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U.S. federal government on the verge of demanding mandatory mental health screening for teens (to add MORE psychiatric drugs to their plate)

Mental health screening

(NaturalNews) Will screening for psychiatric illness soon join vaccines as an expected part of childhood?

The United States Preventive Services Task Force (USPTF) recently updated its recommendations on the screening of children and adolescents for major depressive disorder (MDD), in an article in the journal Annals of Internal Medicine. The task force now recommends that all children aged 12 and up be screened for MDD as part of their regular doctor visits.

"The USPSTF recommends screening for major depressive disorder (MDD) in adolescents aged 12 to 18 years," the task force said. "Screening should be implemented with adequate systems in place to ensure accurate diagnosis, effective treatment, and appropriate follow-up."

The recommendation is not binding, nor does it constitute official government policy. However, it may show the shape of things to come. Should this recommendation be widely adopted, it will almost certainly lead to a surge in antidepressant use among children.

'Moderate' benefit

The USPSTF reviews scientific evidence about the benefits and harms of various preventive medical measures in people who have not been diagnosed with a particular illness. In this case, the task force reviewed evidence on screening children aged 7 and up for MDD. It did not find sufficient evidence to support screening children younger than 12, mostly because few studies have been conducted on this population.

"Adequate evidence" showed that screening is effective at detecting MDD in children aged 12 and up, the task force said. However, no studies had been performed to show that screening leads to improved health outcomes in this demographic; instead, the recommendation was based on "adequate evidence" that treatment of depression leads to "moderate benefit" in this age group.

The task force further reviewed evidence of harms from screening and various treatments for depression. No significant harms were found from screening, or from psychotherapy or psychosocial support as treatments. While acknowledging the risks of antidepressant drugs, the report attempts to downplay them: "Medications for the treatment of depression, such as selective serotonin reuptake inhibitors ... have known harms. However, the magnitude of the harms of pharmacotherapy is small if patients are closely monitored, as recommended by the ... FDA."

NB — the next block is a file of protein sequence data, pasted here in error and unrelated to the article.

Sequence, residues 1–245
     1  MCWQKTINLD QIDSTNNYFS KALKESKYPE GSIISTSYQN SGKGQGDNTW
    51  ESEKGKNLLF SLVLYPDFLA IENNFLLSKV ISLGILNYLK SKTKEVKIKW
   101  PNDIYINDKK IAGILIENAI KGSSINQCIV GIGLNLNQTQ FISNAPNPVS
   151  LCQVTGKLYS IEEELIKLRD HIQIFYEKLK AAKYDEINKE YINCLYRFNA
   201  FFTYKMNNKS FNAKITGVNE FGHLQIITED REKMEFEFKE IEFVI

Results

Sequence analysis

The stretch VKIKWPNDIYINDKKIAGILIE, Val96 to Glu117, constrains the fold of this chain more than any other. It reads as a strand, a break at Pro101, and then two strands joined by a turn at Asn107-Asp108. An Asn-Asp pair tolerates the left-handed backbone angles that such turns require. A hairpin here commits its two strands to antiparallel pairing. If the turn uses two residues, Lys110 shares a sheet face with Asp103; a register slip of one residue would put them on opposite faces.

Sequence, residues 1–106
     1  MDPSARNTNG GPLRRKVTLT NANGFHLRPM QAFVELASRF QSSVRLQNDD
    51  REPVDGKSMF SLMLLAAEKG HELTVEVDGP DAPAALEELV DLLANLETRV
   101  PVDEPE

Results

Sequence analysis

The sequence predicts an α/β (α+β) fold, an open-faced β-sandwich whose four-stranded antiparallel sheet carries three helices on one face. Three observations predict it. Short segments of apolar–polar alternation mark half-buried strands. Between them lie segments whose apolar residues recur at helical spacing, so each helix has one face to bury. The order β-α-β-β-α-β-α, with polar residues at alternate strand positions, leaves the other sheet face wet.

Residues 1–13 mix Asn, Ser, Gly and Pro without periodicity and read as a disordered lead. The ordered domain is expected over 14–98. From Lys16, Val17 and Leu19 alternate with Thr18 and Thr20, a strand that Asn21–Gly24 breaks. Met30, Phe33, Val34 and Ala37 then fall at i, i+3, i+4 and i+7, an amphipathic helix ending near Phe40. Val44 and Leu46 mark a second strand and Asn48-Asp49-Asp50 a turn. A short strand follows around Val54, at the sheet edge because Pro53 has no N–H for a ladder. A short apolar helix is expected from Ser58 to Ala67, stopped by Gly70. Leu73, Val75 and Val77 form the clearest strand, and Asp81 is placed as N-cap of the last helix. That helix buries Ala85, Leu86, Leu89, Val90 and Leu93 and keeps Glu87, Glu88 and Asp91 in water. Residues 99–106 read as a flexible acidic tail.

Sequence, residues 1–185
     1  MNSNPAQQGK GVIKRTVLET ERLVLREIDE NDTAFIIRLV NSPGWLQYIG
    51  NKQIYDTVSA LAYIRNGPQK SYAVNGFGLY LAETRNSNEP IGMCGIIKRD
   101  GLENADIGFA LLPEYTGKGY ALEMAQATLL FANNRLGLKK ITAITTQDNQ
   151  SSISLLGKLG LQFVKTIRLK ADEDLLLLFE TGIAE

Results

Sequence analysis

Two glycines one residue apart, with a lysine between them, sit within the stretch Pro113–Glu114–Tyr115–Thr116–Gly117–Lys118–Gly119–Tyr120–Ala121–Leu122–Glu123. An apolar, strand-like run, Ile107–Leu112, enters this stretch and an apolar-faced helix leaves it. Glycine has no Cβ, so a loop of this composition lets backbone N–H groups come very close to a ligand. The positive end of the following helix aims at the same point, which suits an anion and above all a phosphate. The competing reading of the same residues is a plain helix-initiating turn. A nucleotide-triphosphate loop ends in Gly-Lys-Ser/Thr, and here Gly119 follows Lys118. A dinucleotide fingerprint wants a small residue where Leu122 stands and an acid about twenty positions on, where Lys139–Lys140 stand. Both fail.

"The USPSTF concludes with moderate certainty that screening for MDD in adolescents aged 12 to 18 years has a moderate net benefit," the report concludes.

The USPTF has also previously recommended screening all adults for MDD.

But what are the real risks?

However well intentioned, it is likely that increased screening of adolescents for MDD will lead to more children being treated with dangerous drugs. That's because although antidepressant drugs have been proven to be no more effective than a placebo – and both riskier and less effective than treatments such as talk therapy – they remain the treatment of choice for depression in the United States.

According to the U.S. Centers for Disease Control and Prevention (CDC), 11 percent of U.S. residents aged 12 and up already take antidepressants. Notably, only an estimated 7.6 percent of the population actually suffers from depression.

These figures reveal a fundamentally broken mental health system. For example, more than 60 percent of those on antidepressants have taken them for two or more years, while 14 percent have been taking them for 10 years or more. Yet, less than one-third of those taking a single antidepressant (and less than half of those taking more than one), have been to visit a mental health professional in the past year.

The USPTF recommendation also raises the specter of widespread screening for other mental health conditions, many of which have come under fire for being vague or even invented by the mental health profession.

"Psychiatry seems to have lost its way in a forest of poorly verified diagnoses and ineffectual medications," Edward Shorter of the University of Toronto, who studies the history of psychiatry and medicine, has written.

Sources for this article include:









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